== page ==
David Beckham in Burberry trench coat
David Beckham wearing Burberry trench coat and check scarf, Manchester Airport. Mr International decide to dress in some British style for his brief home-coming. Happily for the Red Devils, Becks arrived stylish and left in tears.
The trench coat was developed as an alternative to the heavy serge greatcoats worn by British and French soldiers in the First World War. Invention of the trench coat is claimed by both Burberry and Aquascutum, with Aquascutum’s claim dating back to the 1850s. Thomas Burberry, the inventor of gabardine fabric, submitted a design for an army officer’s raincoat to the United Kingdom War Office in 1901.
The trench coat became an optional item of dress in the British Army, and was obtained by private purchase by officers and Warrant Officers Class I who were under no obligation to own them. No other ranks were permitted to wear them. Another optional item was the British Warm, a wool coat similar to the greatcoat that was shorter in length, also worn by British officers and Warrant Officers Class I as an optional piece.
During the First World War, the design of the trenchcoat was modified to include shoulder straps and D-rings. The shoulder straps were for the attachment of epaulettes or other rank insignia; There is a popular myth that the D-ring was for the attachment of hand grenades. The ring was originally for map cases and swords or other equipment to the belt. This latter pattern was dubbed “trench coat” by the soldiers in the front line. Many veterans returning to civilian life kept the coats that became fashionable for both men and women.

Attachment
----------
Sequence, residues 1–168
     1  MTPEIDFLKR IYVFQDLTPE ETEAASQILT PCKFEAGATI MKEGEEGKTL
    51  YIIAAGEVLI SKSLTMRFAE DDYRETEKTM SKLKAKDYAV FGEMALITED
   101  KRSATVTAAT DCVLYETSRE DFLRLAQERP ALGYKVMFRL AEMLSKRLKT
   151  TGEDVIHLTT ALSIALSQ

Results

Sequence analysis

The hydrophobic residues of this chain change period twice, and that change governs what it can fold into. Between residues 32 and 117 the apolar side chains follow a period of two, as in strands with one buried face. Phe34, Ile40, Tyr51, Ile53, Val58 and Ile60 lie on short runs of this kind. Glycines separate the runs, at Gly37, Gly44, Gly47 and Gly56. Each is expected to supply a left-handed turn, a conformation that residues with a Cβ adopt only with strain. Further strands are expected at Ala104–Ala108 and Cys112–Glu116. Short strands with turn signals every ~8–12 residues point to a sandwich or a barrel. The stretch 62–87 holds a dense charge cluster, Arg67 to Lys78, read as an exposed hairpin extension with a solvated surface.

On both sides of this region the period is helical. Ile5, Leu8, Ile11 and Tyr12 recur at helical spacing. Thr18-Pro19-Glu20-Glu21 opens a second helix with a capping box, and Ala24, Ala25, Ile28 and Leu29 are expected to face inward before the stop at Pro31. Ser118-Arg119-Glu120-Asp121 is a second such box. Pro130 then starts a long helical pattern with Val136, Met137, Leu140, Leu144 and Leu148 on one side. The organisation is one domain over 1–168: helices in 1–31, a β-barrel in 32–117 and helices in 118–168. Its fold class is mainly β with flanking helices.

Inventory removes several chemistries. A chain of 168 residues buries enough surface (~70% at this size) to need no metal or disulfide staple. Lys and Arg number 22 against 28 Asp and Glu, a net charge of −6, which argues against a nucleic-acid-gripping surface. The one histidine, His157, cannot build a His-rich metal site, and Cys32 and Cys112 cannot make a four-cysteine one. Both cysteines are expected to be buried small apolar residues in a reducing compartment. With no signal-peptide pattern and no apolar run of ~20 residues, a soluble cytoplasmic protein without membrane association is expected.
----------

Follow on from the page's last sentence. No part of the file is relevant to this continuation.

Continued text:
During the Second World War, officers of the United Kingdom continued to use the trench coat on the battlefield in inclement weather. Other nations also developed trench coat style jackets, notably the United States and Soviet Union, and other armies of continental Europe such as France, Germany, Holland, Poland (and are often seen in war zone photographs in the 1939-40 era, even worn by troops on the attack), although as the war progressed, in the field shorter “field jackets” became more popular, including garments such as the Denison smock used by British commandos, paratroopers, and snipers and the M1941/M1943 field jackets used by the US Army. These garments were shorter and more practical than the trench coat, and as such they allowed the wearer to be more mobile.
A typical trench coat by this period was a ten-buttoned, double-breasted long coat made with tan, khaki, beige, or black fabric. Trench coats often have cuff straps on the raglan sleeves, shoulder straps and a belt. The trench coat was typically worn as a windbreaker or as a rain jacket, and not for protection from the cold in winter or snowy conditions.